Mosquito Creek Lake (Trumbull County)– The late fall/early winter walleyebite on this large Trumbull County lake is going OK right now. Anglers are using Vib-Esor other types of blade baitsto jigup some fish. Walleyesup to 15 inches are being reported. The yellow perchbite remains good, too. Anglers are using crappie spreaders tipped with minnows to catch both perchand crappies.

 

Southwest Region

East Fork Lake (Clermont County)– Anglers in recent days are doing well catching smallmouth basshere. They’re using spinnerbaitsaround rocky areas to produce the smallmouthbite. One angler recently caught a 20-inch smallmouthin early November by using these methods.

 

Caesar Creek Lake (Warren, Clinton, Greene counties)Crappiesare the top quarry for anglers at Caesar Creek Lake right now. They’re catching them in 12 to 15 feet of water on minnows or wax worms fished under a float. Some channel catfish have also been in the mix.

 

Paint Creek Lake (Highland County)– The crappiebite is the hottest thing going on Paint Creek Lake right now. Anglers are targeting submerged wood to find fish, according to local reports. They’re dunking minnows under a light floator using jigand minnow combinations to produce fish.

 

Rocky Fork Lake (Highland County)– Fishermen are hitting the dock areas on Rocky Fork right now in search of crappieswith some success. Size is nothing to write home about, but some individual fish have been reported up to 10 inches. Anglers are using ice-fishing gear to produce the bite.

 

Southeast Region

Burr Oak Lake (Morgan, Athens counties) Fishermen in search of bassare switching their focus to crappiesin recent days. They’re finding a few in shallow water, and the fish are biting on wax worms or nightcrawlers under a float. Concentrate efforts around shoreline cover for best results. Crappiesup to 10 inches are being reported.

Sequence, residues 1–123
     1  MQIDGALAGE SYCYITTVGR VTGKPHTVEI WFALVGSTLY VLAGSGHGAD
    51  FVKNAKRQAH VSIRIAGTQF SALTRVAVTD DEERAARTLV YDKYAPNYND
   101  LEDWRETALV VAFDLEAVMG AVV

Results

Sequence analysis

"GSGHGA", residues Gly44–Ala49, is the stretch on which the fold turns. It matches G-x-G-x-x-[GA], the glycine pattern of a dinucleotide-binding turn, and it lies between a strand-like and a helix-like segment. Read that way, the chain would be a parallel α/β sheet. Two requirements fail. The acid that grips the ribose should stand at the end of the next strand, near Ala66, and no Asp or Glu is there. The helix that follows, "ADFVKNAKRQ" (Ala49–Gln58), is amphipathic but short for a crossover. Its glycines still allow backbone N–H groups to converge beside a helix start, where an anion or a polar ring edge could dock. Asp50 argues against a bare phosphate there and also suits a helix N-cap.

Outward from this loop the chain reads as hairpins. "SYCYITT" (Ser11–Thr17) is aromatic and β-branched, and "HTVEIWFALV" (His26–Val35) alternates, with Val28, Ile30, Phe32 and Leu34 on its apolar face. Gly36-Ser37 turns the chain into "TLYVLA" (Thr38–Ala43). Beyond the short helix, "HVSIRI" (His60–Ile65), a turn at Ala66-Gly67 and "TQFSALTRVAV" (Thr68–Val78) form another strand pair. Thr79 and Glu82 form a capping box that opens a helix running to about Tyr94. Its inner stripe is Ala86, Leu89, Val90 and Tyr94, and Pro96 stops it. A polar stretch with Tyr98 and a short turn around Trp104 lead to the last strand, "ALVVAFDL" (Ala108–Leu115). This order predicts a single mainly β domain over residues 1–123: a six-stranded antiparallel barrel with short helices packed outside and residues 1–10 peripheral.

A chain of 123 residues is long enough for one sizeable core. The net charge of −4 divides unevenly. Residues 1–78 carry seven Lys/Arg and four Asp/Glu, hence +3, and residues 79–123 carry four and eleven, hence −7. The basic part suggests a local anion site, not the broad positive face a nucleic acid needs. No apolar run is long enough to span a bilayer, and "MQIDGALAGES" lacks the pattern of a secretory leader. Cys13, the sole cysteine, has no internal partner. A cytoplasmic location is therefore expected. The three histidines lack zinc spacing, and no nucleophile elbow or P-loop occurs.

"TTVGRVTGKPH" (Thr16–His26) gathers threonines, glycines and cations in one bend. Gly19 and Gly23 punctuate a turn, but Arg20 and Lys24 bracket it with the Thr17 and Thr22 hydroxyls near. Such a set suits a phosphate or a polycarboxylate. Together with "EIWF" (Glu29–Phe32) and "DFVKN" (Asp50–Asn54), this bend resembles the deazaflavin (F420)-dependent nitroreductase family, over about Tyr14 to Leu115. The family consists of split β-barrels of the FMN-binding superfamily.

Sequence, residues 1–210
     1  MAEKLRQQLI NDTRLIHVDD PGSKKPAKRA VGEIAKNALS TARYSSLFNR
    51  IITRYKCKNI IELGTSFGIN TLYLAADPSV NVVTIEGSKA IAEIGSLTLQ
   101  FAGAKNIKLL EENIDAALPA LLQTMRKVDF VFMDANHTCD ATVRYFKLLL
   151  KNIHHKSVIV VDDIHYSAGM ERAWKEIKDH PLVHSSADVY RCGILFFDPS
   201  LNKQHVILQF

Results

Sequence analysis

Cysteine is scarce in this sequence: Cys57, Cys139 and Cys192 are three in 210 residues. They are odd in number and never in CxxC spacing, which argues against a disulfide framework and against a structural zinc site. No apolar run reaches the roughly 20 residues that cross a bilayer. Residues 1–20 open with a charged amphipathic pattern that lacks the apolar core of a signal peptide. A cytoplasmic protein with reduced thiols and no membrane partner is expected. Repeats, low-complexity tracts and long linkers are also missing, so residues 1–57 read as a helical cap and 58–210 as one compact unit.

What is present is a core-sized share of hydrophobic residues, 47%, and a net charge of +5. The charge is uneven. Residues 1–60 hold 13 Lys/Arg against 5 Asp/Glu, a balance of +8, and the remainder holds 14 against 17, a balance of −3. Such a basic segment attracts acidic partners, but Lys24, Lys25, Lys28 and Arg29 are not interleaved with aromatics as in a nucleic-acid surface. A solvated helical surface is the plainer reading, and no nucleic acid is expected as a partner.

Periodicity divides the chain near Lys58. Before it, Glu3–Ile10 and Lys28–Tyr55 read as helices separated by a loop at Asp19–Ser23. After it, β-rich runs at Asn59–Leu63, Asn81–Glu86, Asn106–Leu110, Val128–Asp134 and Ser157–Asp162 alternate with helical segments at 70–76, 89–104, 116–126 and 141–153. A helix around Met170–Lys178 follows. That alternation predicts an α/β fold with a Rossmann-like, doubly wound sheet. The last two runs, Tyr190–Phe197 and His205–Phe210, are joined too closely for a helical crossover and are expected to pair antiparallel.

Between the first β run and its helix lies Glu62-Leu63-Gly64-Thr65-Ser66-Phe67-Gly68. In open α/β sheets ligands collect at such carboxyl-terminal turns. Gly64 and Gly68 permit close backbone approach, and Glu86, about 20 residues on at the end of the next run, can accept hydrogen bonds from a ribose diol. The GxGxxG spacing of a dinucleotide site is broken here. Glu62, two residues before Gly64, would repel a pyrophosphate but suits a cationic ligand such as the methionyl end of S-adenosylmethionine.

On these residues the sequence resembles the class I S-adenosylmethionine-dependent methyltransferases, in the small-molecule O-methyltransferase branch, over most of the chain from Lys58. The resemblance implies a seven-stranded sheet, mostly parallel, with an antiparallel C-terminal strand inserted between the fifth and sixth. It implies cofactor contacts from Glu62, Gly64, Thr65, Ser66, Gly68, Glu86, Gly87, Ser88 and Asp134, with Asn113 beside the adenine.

Salt Fork Lake (Guernsey County) Anglers fishing near the dam on this large Guernsey County lake are catching crappiesin this late fall/early winter transition period. They’re catching them on blade baitssuch as Vib-Esand jigand minnow combinations. Most fish have been in the small 8-inch range, but a few have been larger, according to local reports.

 

Tappan Lake (Harrison County)Bassanglers are having some success in recent days, although fishing pressure has been really light due to the 46-degree or so water temperatures. Anglers report catching a few stray saugeyes, too, on blade baitssuch as Vib-Es. The basshave been biting on small crankbaitsfished along shoreline cover.

 

Lake Erie Region

• The daily bag limit for walleyein Ohio waters of Lake Erie is six fish per angler. The minimum size limit for walleyeis 15 inches.

• The daily bag limit for yellow perchis 30 fish per angler in all Ohio waters of Lake Erie.

• The trout and salmondaily bag limit is two fish (singly or in combination) per angler. The minimum size limit is 12 inches.

Black bass(largemouthand smallmouth bass): The daily bag limit is five fish (singly or in combination) per angler with a 14-inch minimum size limit.

 

Western Basin

Walleye

Where: Walleyesare starting to show up in their traditional fall feeding grounds from Huron to Cleveland. Anglers are trolling stickbaitsoffshore during the day, and nearshore near and after dark at 1.6 to 1.8 mph.

How: Trolling stickbaitshas been the best presentation at speeds 1.8 to 2.8 mph. Slower presentations have been better after dark. Shore bound anglers can start picking up walleyesnear and after dark casting stickbaitsand lipless crankbaitsthat imitate shad, especially in the “clown” color.